terrestrial and underwater surveys and excava- will develop a set of shares that foment the
tions. However, underwater archaeology is a accomplishment of underwater archaeological
new developed field in Cyprus; consequently, works and history of navigation, in some re-
the underwater cultural heritage has not re- gions of the country, with the creation of cen-
ceived the attention that it deserves. Many ters of nautical and underwater archaeology
underwater sites, which were investigated, wants to not only count on underwater archae-
have not been protected via the legislation, ologists as with restoring conservatives. Of this
while they have not nominated as archaeologi- evolution there are already some cases of suc-
cal parks, which tourists can visit. Additionally, cess, as it is the case of the Museum of
th nd
IKUWA 4, Zadar - Croatia; September 29 - October 2 2011. 71

Portimo, that already have laboratories for views the submerged archaeological and 6 pa-
the conservation of archeological artifacts and laeo-environmental resource, the processes
many other centers will be establish. that have preserved and exposed it, the meth-
ods used to recover it and its value to help un-
derstand a neglected area of our cultural heri-
Recent underwater archaeological re-
tage.
search off the Croatian coast
Miholjek, Igor - Croatian Conservation Institute,
Croatia Crimea project - underwater expedi-
Zmai, Vesna - Croatian Conservation Institute, tion 2008 - 2011 from cape Aju-Dah to
Croatia cape Plaka
The Department for Underwater Archaeology Nowakowska, Magdalena - Institute of Archeol-
exists and operates within the Croatian Conser- ogy Warsaw University, Poland
vation Institute and, as the leading team in the The Polish - Ukrainian venture Crimea Project -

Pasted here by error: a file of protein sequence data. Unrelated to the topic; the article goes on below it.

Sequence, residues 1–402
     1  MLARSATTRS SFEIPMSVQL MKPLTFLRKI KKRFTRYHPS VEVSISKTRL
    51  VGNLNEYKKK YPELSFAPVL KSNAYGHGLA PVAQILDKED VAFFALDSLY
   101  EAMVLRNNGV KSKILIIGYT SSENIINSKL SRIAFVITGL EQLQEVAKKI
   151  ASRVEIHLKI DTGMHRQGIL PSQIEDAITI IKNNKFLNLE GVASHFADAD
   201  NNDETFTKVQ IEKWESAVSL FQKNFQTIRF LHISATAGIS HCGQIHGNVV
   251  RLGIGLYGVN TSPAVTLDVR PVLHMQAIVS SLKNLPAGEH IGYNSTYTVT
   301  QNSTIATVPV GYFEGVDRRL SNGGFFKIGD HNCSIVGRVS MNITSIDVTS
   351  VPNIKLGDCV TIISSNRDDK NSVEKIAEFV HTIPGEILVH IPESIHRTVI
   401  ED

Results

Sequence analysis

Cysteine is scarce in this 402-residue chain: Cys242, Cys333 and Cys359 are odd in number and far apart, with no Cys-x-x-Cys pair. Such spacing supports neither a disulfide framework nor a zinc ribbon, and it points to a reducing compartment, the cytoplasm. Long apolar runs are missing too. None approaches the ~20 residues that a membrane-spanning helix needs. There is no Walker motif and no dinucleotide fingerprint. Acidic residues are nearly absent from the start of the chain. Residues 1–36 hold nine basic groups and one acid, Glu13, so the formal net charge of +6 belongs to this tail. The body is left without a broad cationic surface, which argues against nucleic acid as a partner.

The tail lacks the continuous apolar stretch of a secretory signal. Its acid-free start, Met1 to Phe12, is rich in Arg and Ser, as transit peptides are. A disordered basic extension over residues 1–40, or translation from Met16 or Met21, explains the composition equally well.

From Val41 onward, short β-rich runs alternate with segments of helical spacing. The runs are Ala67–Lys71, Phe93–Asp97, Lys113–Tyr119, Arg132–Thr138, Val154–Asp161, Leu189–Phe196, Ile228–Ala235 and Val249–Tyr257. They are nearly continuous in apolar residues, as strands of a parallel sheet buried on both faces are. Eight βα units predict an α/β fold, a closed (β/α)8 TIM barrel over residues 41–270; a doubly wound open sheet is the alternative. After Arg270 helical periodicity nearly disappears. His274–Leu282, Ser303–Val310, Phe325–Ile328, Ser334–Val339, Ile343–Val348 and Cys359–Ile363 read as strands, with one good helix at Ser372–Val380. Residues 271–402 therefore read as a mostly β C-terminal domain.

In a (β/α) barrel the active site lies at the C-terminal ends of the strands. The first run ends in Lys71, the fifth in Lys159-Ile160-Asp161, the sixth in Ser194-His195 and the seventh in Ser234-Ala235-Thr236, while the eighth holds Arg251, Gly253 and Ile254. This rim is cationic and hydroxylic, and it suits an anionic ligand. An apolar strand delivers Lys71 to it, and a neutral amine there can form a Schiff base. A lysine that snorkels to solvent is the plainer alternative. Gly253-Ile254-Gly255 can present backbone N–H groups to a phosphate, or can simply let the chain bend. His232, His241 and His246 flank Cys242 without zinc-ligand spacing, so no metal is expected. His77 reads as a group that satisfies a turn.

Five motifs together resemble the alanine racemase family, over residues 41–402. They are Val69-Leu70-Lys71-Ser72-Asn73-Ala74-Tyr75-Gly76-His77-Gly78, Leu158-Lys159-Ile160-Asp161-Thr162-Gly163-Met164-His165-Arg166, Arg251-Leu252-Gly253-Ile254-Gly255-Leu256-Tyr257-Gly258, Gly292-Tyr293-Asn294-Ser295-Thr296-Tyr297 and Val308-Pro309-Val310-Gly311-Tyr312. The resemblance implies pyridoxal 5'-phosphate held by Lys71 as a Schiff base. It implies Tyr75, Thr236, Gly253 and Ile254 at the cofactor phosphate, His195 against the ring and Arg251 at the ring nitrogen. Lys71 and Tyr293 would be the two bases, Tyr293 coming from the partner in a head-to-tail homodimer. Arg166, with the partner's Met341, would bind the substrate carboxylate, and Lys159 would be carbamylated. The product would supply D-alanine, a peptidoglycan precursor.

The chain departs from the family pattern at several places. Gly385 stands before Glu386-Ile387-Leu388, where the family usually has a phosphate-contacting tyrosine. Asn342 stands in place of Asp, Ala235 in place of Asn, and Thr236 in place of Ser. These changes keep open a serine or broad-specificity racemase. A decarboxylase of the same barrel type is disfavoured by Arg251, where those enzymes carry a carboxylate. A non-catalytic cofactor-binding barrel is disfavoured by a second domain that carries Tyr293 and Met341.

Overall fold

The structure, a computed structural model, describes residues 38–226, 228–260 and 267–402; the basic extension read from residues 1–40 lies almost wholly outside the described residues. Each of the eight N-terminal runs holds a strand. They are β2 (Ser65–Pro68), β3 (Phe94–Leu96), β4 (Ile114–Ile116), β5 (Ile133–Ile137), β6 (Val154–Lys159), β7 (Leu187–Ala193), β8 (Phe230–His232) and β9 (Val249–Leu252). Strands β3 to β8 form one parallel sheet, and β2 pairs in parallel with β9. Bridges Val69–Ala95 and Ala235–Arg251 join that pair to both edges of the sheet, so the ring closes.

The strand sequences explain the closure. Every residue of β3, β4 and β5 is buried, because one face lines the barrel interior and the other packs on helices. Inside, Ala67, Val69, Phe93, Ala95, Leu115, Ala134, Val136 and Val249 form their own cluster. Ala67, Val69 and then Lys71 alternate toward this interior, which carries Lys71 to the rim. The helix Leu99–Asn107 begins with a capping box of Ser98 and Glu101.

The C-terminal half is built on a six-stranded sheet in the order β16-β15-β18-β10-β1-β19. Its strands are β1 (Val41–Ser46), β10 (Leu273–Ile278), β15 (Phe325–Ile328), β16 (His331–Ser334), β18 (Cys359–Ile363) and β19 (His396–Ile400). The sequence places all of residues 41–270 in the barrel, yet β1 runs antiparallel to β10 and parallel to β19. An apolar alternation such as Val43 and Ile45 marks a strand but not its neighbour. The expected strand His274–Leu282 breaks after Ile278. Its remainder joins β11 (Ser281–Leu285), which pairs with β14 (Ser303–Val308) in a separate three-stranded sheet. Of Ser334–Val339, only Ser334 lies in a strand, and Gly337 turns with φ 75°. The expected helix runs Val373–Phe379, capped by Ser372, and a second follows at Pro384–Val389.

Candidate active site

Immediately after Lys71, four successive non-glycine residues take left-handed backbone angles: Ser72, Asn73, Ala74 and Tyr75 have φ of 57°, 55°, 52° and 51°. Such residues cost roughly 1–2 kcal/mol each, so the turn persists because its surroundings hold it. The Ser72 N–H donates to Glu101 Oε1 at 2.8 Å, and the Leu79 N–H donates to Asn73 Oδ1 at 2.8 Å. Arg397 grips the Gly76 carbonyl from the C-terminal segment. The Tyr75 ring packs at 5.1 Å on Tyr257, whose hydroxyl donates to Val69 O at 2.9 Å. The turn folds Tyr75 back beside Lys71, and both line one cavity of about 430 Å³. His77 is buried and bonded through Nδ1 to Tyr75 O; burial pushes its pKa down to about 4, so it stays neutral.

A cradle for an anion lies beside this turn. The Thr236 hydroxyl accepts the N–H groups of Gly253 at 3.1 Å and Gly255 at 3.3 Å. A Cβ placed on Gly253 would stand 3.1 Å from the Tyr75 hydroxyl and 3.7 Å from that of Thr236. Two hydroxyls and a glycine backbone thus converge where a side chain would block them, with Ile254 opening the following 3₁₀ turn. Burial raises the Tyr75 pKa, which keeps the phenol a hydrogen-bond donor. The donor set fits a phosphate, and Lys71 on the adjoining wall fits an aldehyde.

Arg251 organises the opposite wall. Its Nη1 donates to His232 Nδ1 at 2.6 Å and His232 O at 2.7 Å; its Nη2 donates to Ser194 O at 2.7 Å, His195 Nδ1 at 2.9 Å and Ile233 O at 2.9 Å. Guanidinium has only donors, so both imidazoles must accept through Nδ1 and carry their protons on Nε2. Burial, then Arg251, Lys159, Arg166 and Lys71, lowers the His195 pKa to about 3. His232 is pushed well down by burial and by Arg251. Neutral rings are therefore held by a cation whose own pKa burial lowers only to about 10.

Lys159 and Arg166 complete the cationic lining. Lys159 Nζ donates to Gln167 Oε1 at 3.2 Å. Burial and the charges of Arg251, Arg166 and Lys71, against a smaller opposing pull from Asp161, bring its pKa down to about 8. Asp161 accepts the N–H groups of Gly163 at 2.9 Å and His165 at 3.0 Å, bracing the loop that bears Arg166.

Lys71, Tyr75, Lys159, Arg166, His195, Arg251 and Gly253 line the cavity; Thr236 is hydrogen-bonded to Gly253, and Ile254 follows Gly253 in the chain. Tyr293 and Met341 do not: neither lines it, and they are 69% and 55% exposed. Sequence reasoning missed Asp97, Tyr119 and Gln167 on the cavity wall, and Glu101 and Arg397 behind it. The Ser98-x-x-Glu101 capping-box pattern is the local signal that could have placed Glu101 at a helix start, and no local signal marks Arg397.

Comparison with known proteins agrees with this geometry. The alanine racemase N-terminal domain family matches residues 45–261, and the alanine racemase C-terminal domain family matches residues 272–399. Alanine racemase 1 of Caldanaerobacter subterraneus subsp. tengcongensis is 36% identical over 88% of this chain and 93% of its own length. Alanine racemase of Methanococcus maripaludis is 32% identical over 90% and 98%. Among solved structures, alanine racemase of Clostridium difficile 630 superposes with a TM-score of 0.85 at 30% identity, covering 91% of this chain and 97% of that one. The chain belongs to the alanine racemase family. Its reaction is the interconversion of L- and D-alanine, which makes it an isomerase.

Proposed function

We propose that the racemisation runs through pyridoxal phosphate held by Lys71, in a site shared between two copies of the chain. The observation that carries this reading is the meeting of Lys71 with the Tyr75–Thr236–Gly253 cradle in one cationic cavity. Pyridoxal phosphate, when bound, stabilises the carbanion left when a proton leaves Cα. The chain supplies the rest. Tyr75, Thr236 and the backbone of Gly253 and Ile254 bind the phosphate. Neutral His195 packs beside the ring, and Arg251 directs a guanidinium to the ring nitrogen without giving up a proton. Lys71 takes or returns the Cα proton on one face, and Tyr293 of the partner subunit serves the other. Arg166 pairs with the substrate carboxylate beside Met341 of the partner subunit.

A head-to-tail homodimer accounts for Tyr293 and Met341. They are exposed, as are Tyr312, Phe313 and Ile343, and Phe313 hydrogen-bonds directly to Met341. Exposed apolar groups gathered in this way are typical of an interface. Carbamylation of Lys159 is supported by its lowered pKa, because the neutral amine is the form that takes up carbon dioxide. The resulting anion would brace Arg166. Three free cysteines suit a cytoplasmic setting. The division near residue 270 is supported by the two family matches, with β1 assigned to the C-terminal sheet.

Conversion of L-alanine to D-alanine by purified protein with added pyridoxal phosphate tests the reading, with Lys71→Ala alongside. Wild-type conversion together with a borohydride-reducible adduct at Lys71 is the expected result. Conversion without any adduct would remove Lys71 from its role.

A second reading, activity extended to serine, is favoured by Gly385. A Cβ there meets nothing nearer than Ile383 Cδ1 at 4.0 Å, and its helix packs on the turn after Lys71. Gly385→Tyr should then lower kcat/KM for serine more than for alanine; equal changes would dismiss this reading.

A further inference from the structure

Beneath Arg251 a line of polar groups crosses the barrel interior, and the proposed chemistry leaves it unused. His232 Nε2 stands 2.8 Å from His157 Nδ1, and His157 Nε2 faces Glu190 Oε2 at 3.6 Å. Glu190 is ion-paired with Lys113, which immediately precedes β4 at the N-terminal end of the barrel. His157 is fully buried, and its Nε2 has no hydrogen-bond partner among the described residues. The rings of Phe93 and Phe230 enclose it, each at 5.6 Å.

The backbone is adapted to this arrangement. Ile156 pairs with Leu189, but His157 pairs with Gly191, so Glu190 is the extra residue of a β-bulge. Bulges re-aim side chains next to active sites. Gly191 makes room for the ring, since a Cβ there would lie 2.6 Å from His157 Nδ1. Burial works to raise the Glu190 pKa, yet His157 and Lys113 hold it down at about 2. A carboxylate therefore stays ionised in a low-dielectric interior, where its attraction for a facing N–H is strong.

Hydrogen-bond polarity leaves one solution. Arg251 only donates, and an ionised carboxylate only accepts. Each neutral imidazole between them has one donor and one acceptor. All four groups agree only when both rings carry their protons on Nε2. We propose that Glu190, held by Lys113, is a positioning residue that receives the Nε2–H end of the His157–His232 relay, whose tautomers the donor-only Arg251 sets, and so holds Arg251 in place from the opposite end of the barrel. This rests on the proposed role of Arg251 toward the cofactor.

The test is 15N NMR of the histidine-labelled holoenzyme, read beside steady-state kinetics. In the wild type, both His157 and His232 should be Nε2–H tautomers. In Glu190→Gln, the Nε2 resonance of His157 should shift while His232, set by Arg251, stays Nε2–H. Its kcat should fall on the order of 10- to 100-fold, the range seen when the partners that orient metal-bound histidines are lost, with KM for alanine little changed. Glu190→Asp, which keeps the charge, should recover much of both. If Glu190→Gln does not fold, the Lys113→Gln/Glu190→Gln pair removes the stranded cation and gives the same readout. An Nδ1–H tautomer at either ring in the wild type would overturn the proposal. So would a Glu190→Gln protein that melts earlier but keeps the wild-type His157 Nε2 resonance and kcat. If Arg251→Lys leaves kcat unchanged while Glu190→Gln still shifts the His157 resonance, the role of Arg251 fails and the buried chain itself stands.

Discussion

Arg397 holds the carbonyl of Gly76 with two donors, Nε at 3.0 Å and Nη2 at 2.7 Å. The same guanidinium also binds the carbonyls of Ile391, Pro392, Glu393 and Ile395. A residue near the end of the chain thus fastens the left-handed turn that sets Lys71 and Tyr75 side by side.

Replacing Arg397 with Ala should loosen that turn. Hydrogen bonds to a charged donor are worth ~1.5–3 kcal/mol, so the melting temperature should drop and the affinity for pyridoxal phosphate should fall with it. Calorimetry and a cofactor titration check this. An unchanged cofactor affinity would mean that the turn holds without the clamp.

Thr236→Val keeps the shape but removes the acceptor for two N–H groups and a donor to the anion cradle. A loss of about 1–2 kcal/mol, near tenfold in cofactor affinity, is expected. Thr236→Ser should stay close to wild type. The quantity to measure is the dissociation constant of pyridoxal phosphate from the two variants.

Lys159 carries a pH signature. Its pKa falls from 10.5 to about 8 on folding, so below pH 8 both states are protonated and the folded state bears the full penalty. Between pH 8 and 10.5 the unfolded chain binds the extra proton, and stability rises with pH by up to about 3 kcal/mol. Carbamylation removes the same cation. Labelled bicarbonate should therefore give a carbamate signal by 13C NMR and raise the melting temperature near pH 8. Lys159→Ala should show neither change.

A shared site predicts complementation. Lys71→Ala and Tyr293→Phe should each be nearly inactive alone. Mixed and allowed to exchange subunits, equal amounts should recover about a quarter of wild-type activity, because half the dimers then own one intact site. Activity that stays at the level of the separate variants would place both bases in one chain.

area of underwater archaeology, it carries out Underwater Expedition, was being executed
systematic and protective research of underwa- since year 2007. The aim is to discover, explore
ter archaeological sites, conducts underwater and protect from destruction and robbery the
surveys and explorations in rivers and lakes and wracks, anchorages or other archaeological
participates in expert surveys of numerous al- underwater sites located by the southern
ready known and newly found sites along the coasts of Crimea.
Croatian coastline, as well as in inland waters. During the last three seasons scientific research
The Department's field of work covers a large has been basically focused on verification al-
time span and encompasses prehistory, classi- ready known sites and searching for the new
cal antiquity, the Byzantine period and the Mid- ones in the Bay of Karasan from the Cape Aju-
dle Ages, post-mediaeval shipwrecks dating Dah until a small cape called Mys Plaka and the
from the 16th to the 18th centuries and ship- rocks of Adalary which enclose the bay from
wrecks and sunken aircraft from World War I & the East. As a result, the information about
World War II. three antic wracks published by Ukrainian re-
searchers has been verified and there have
been localized new underwater sites.
Managing an 8,000 year old sub-
At the Eastern edge of the Karasan bay, in the
merged Mesolithic landscape
shallow water, at the depth of 6-10 meters,
Momber, Garry - Hampshire and Wight Trust between rocks was found a large cluster of pot-
for Maritime Archaeology National Oceanogra- tery. Fragments of amphorae and pithoi were
phy Centre, England lying on a not large space of ca. 150 m2. Among